Goat-powered land improvement business puts the kids to work

Clearing unwanted brush and weeds can be a tiresome chore—unless you’re a hungry goat that can eat the trimmings.
That’s the plan when a work crew from Goat Busters shows up at a job site.
“Goat Busters is a land and brush clearing business where we employ a herd of Kiko goats” to consume the vegetation, explained owner Jace Goodling, a member of the Albemarle County Farm Bureau. “We fence them in with an electric fence and then keep them in there until they are done eating all they want, then move them to another area.”
Goodling is a custom home builder who branched into clearing land with his goats in 2008. He said overgrown, weed-choked areas are like candy to goats. So when the economy went into recession, his “kids” went to work.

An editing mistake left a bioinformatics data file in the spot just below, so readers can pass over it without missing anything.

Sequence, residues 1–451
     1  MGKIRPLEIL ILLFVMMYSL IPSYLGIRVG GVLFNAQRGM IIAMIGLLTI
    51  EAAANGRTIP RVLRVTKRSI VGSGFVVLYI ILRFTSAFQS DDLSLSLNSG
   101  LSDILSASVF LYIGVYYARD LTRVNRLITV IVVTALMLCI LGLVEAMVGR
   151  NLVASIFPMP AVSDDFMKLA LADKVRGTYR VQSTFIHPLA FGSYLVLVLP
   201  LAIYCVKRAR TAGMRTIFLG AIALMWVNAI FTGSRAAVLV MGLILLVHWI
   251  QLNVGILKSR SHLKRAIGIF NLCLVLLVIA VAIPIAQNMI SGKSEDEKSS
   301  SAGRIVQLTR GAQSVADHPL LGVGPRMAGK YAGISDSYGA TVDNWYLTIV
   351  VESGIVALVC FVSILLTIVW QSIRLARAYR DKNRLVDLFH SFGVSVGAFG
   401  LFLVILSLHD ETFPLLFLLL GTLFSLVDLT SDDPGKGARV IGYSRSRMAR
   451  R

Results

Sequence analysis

“We have had all sizes of jobs, as small as a 28-foot by 80-foot backyard to 750 acres in Alabama,” he said. “We will take anything, large or small.
“The goats stay on the job site until done. They’ll eat for two hours, then rest and get up again. They will eat all night long. It’s surprising how much they can get done overnight.”
In addition to being much quieter than power equipment and eliminating the need for herbicides, Gooding said goats improve the land they’re clearing.
“The common scenario with overgrown land is stick weed, honeysuckle and lots of nasty stuff people don’t want,” he said. “Heavy equipment could devastate the land,” while herbicides sometimes cannot be used around waterways or inhabited areas.
“Goats provide clearing and fertilizing at the same time. Their cloven hooves work the manure into the soil, so they’re enriching it as they work.”
Using goats to clear land is a time-tested tradition, but Goodling is one of the few goat owners in Virginia who does it professionally.

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